By Johnnie Godwin
Contributing Columnist, B&R
Phyllis and I recently drove to a midday brunch to honor a newlywed couple. We had never been where we were going, but our GPS was set. As we turned off a paved road, our GPS took us up a graveled, narrow, curvy, mountainous road — with drop-offs but no turning back. Soon we met a full-sized pickup truck. Nearly side by side, the driver of the truck and I both stopped with our windows down. It was an impasse! We got the word “impasse” from French in 1851, and it means “no escape.”
What to do when at an impasse? The pickup driver and I agreed to go no farther because we had no room. But our agreement ended there. He felt I had room to move over a bit and told me the ground was solid there, where a bit of grass was. Phyllis was on the passenger side, and she agreed with me that we ought not move an inch toward the “plummet” side. I told the truck driver he was all right and could ease straight forward. Neither one of us could back up. He replied that he had a drop-off on his right side. I told him it was no more than a foot, and my drop-off was all the way down. What to do? Finally, we both agreed to stay on track but ease forward just a bit. That worked! When our rearview mirrors were almost touching, he said, “There’s a lot of traffic on this road today.” It was probably the first time he ever met someone coming up on that road.
Someone has to move to overcome an impasse! We got to the top and found about 50 other folks who had gotten there somehow. The groom welcomed everyone to his in-law’s outside, covered eating place. Then he said a prayer and told us to dig in, get the good food, and sit where we wanted. So we did. Phyllis and I were the seniors of the day and at least two generations older than the ones we sat with. But we felt right at home and enjoyed it. After a couple of hours, we hugged goodbyes, wished the newlyweds a great marriage, and eased down the mountain without meeting another vehicle.
When we got home, Phyllis studied the GPS and saw that the named “Loop” road had another entrance a short ways farther than our GPS had led us. And the second entrance was flat and quicker to the brunch destination. We missed the best road because we followed the quickest directions on the GPS.
So what’s the connection? Well, there’s both a heavenly point and an earthly point in all this. The heavenly point is that a lot of folks seem to think the quickest and best way to get to heaven is to do more good on this earth than bad. Wrong! Acts 4:12 says, “Neither is there salvation in any other: for there is none other name whereby we must be saved.” In context, it says you get saved only by trusting Jesus Christ as Lord and Savior. Ephesians 2:8-10 says we get saved by grace through faith and not works.” The salvation-impasse requires each person to repent and get saved by the blood of Jesus. There is no other way to escape hell and no way except the cross and Jesus’ blood to get saved. There is no wiggle room on this salvation impasse, but there is a complete turn-around from our way to God’s way in repentance! You move forward God’s way or not at all. A balance scales approach to salvation leaves you in the hole of hell.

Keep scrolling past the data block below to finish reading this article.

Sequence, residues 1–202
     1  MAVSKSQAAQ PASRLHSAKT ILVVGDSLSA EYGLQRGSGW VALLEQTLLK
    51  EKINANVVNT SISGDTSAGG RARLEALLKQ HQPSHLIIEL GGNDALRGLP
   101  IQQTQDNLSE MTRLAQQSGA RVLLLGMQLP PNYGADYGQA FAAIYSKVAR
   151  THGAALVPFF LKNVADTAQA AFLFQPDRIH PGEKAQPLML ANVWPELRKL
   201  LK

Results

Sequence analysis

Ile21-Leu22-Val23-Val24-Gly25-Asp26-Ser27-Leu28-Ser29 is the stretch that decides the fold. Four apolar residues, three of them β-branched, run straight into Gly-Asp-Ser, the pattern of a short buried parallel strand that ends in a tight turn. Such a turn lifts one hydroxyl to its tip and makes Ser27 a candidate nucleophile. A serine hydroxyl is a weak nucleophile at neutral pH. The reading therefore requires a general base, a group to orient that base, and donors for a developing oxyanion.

Churches often get in an impasse! A church is a fellowship of those God has called out of the world and into assembly with each other to worship Him and to do His will. But churches can get dysfunctional just as Congress or marriages or any other relationship groupings. I’ve been in churches so divided that no one was willing to give an inch. And in that impasse, they didn’t move one bit forward. Oh, the churches may have shown signs of prosperity in numbers of attenders, their offerings, and so forth; but they may have been as unproductive as the fig tree Jesus cursed when it had leaves but no fruit (Mark 11:11-14). Jesus also said that a kingdom or house divided against itself cannot stand (see Mark 3:24-25). When our motives and hearts are together, we can overcome an impasse through God in Christ. Neither side necessarily has to back up or yield; but each side has to agree to work together for the common good or goal.
Getting past the impasse requires alignment! Every church needs a Syzygus or yokefellow (Philippians 4:3, The Message) to help those at odds get aligned together in heart and spirit and work to move past the impasse. If you study the Seven Churches of Asia Minor (Revelation 1-3), you will get a summary of strengths, weaknesses, failures, and the way out for every church to move forward in the way God wants a church to move. The status quo is never enough. It’s a no-grow stance. It’s what Ronald Reagan said is Latin for the mess we’re in. Rather, each church is to listen to God with its spiritual ears, hear, and turn in repentance; or else the church’s light will be removed. The challenge in churches and in all relationships isn’t who wins and who loses but, rather, how we move forward together to please God. It’s time for all of us in every area to move past the impasse and move forward in saying yes to God’s calling and to His will.
— Copyright 2017 by Johnnie C. Godwin Write him: firstname.lastname@example.org.